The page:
Factor 8 and 9 are two of the many proteins in blood, which are important for normal control of bleeding. Therefore, the deficiency of these factors will cause bleeding tendency known as haemophilia A and B respectively.
The underlying pathology is a sex linked disorder ie the abnormal factor 8 or 9 gene carried on the X chromosome will transmit the disease. Since each male has only one copy of X chromosome from his mother, he will be affected if his X chromosome is abnormal. Unlike the male, each female has two copies of X-chromosomes (one from father and the other from mother) and though she will not be affected when one copy is abnormal, she will be a carrier and can pass down the gene to her children. However, there are very rare situations where both her copies are abnormal e.g. when the mother is a carrier and the father is a haemophiliac, or when there is a spontaneous mutation in the genes then a female hemophilia can occur. Thus in practice, almost all the hemophilia patients are male.
Clinically, haemophilia often present with deep bleeding (eg. intramuscular bleeding, joint bleeding) and diagnosis of adult haemophilia can be ascertained by measuring factor 8 or 9 in the blood. Furthermore, genetic study on chorionic villous tissue in early pregnancy can also be performed for intrauterine diagnosis. Similar genetic study can also be used to screen the relatives for a complete family history.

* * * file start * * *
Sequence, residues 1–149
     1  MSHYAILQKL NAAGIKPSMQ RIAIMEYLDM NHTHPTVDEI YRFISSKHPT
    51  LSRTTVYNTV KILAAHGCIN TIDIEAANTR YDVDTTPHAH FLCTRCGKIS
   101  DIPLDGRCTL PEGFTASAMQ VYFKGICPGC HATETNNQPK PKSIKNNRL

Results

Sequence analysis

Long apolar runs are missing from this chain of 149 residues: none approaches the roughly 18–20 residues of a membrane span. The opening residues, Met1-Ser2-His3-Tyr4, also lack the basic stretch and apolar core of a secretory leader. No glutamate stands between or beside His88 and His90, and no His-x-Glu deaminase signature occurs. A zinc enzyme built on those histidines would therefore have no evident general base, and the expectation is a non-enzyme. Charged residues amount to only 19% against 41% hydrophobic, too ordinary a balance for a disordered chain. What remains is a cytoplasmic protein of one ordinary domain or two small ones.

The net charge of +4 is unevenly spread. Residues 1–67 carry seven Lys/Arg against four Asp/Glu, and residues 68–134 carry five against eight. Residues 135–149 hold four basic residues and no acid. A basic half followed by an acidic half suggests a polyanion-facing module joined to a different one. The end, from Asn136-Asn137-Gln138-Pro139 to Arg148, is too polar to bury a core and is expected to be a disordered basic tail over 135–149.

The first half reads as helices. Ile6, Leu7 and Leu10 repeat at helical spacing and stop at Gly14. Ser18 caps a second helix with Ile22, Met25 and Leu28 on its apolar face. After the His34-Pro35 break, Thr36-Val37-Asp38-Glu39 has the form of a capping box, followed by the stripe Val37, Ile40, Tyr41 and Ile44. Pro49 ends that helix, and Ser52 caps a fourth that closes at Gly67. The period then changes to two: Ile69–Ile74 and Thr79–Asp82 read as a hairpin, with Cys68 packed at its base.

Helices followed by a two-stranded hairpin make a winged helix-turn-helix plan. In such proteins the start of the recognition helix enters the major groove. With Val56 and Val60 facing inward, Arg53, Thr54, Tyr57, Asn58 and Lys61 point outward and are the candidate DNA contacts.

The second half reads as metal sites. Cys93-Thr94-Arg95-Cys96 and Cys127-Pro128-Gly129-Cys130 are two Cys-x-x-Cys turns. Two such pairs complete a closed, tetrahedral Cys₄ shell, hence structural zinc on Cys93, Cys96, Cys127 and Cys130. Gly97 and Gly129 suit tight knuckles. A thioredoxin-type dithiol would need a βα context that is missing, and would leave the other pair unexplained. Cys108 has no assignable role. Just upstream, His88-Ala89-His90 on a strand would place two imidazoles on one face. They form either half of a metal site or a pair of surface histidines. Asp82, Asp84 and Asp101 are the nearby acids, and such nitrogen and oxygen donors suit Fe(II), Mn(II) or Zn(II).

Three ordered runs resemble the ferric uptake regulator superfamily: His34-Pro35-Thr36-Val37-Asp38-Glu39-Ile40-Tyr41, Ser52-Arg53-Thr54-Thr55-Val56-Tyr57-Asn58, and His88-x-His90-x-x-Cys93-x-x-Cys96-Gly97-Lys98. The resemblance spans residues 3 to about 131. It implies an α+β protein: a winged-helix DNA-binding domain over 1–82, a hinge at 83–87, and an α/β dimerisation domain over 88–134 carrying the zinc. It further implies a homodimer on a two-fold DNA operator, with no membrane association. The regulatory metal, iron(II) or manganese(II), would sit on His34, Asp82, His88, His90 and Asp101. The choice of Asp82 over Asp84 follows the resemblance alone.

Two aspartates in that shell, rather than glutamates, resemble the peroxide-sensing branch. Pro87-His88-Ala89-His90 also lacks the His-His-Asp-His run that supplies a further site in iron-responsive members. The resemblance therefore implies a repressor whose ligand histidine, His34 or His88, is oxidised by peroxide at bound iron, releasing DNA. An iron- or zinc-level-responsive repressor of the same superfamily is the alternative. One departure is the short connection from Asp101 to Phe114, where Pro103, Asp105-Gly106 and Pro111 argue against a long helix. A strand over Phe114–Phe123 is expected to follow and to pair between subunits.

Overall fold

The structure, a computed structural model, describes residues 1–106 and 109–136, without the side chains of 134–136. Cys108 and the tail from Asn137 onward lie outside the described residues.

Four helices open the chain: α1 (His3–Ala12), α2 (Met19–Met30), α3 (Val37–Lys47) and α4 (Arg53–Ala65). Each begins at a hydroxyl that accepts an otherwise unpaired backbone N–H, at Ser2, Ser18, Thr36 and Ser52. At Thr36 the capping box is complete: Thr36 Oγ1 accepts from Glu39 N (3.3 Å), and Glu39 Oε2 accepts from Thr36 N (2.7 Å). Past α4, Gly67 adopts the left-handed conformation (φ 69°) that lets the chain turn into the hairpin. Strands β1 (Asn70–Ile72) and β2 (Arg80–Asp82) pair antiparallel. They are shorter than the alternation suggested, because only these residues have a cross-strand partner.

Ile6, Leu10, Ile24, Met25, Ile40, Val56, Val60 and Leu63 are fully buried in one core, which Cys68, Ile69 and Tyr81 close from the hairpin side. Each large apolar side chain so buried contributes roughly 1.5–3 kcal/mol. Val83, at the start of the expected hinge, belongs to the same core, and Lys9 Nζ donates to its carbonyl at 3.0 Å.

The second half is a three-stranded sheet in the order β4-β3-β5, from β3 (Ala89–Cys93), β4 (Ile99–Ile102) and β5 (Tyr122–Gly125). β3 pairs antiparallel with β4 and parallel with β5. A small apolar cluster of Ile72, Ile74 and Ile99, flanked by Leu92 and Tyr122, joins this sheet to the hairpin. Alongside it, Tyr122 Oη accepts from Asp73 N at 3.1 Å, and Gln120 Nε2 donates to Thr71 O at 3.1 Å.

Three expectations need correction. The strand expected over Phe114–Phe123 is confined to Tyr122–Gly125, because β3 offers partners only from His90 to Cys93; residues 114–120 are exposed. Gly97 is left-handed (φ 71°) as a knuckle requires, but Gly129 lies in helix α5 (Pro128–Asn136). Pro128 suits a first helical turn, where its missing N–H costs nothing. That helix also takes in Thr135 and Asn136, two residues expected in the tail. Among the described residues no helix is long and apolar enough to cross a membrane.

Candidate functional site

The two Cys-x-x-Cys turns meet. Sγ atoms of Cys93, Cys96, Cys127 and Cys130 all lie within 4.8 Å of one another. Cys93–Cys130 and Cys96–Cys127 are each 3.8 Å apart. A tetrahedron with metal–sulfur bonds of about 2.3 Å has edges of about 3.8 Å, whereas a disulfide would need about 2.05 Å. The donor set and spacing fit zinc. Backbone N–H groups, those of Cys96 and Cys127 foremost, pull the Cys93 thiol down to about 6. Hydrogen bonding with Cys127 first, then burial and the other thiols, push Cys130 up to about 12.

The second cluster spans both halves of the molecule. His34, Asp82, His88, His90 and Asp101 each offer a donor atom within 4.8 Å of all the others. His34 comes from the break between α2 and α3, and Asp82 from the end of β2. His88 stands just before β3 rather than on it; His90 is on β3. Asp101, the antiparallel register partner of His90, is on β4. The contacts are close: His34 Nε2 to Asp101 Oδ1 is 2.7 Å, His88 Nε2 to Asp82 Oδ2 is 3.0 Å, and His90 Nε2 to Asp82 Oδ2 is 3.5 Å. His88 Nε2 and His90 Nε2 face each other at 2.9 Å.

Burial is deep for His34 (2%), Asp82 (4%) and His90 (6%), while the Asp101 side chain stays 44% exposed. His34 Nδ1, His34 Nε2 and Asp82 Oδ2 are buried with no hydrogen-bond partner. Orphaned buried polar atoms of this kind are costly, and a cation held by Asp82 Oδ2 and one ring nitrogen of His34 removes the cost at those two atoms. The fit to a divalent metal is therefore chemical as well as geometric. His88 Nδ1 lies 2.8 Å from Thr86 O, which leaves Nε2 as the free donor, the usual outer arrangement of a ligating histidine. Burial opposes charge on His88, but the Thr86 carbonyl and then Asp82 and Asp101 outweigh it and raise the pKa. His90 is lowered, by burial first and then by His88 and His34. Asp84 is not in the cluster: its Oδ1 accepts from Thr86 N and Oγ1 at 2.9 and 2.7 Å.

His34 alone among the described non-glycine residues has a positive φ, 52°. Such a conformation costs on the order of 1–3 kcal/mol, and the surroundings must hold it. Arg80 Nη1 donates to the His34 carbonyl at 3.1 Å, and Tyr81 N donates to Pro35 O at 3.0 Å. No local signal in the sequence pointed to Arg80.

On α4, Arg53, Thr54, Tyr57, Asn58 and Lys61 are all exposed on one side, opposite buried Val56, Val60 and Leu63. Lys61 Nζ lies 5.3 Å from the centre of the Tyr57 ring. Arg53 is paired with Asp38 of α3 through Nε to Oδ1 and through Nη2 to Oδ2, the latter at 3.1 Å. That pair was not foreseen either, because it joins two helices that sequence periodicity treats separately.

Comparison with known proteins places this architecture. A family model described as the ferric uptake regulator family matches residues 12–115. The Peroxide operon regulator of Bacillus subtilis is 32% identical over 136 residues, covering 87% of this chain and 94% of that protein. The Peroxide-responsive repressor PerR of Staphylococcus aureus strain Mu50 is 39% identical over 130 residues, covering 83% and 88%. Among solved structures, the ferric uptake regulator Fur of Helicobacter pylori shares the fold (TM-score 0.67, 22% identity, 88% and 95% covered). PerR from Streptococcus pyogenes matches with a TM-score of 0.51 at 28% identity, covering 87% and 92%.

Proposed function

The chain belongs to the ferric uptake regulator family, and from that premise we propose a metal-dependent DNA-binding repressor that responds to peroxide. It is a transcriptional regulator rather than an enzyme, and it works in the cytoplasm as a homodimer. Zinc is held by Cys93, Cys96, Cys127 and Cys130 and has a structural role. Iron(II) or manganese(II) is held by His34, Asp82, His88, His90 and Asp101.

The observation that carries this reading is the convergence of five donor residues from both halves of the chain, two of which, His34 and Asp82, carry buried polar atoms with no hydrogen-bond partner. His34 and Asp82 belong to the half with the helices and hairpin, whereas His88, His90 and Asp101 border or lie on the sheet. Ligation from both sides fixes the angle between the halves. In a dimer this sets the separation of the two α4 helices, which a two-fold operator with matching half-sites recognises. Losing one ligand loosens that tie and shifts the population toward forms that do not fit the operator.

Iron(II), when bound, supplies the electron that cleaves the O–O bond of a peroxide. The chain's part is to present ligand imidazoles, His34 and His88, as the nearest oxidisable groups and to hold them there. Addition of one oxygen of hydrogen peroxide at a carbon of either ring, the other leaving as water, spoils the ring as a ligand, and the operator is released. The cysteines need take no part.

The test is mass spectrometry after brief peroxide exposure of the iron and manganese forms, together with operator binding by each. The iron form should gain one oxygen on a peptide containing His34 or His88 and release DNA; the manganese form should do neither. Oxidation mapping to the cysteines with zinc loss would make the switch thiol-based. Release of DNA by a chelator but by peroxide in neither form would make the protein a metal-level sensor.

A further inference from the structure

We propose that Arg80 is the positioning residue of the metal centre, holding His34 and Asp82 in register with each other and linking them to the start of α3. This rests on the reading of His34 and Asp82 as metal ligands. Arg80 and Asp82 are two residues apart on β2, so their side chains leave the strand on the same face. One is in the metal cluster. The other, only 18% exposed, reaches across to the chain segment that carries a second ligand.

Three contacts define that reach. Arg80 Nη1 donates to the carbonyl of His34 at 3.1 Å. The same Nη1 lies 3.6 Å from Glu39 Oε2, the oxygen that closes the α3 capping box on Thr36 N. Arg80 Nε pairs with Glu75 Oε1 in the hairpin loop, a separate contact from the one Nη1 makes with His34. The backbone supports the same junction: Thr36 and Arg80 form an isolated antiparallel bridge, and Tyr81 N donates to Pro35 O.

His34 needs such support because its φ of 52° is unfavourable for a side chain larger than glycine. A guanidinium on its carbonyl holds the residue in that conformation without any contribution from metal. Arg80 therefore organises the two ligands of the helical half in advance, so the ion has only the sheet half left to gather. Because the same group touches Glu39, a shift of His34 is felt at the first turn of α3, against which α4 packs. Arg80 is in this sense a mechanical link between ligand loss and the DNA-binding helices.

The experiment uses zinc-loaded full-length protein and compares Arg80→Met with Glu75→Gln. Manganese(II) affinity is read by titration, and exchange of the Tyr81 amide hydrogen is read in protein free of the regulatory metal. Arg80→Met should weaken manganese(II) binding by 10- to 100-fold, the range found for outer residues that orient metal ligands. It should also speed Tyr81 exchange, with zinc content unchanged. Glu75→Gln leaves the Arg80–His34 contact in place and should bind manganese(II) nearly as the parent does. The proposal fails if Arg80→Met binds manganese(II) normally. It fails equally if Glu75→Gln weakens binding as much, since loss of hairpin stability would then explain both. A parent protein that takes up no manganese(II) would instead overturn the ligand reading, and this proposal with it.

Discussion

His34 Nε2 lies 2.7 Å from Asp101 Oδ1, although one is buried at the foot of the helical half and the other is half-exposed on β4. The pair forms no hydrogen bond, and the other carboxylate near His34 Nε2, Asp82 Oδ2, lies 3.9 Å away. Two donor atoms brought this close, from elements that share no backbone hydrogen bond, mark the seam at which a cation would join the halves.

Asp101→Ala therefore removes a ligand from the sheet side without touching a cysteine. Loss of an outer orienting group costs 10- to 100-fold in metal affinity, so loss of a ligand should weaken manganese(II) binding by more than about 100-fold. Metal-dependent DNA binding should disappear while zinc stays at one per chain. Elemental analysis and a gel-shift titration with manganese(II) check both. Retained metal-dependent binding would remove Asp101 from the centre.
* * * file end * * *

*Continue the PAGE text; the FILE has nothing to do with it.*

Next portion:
All bleeding episodes have to be treated promptly by increasing the level of factor 8 or 9 as necessary. Increasing blood factors can be achieved by either stimulating release of factor (eg. using DDAVP) or by infusion of cryoprecipitate or external factor concentrates. There are various preparations of factor concentrates eg. pooled donor concentrates (from many blood donors) or recombinant concentrates (from genetic manipulations of animal models to produce human factors). The administration of factors could be done by a medical professional or be taught to the patients/relatives (ie home treatment) in order to decrease their dependency on hospital treatment.
However, there are problems with the administration of foreign factor 8 or 9 eg. developing antibodies against these factors, minimal risk of contracting infections (eg. hepatitis C, hepatitis B, HIV, CJD), and allergic reactions. Intensive study in gene therapy (ie to correct the abnormal gene in haemophilia directly) is currently undertaken in several major centres. There is hope that this would provide a cure in future.
The National Haemophilia Registry was set up at SGH in August 1995 to collect all data on Hemophilia and to assist treatment of all hemophilia patients and affected family members.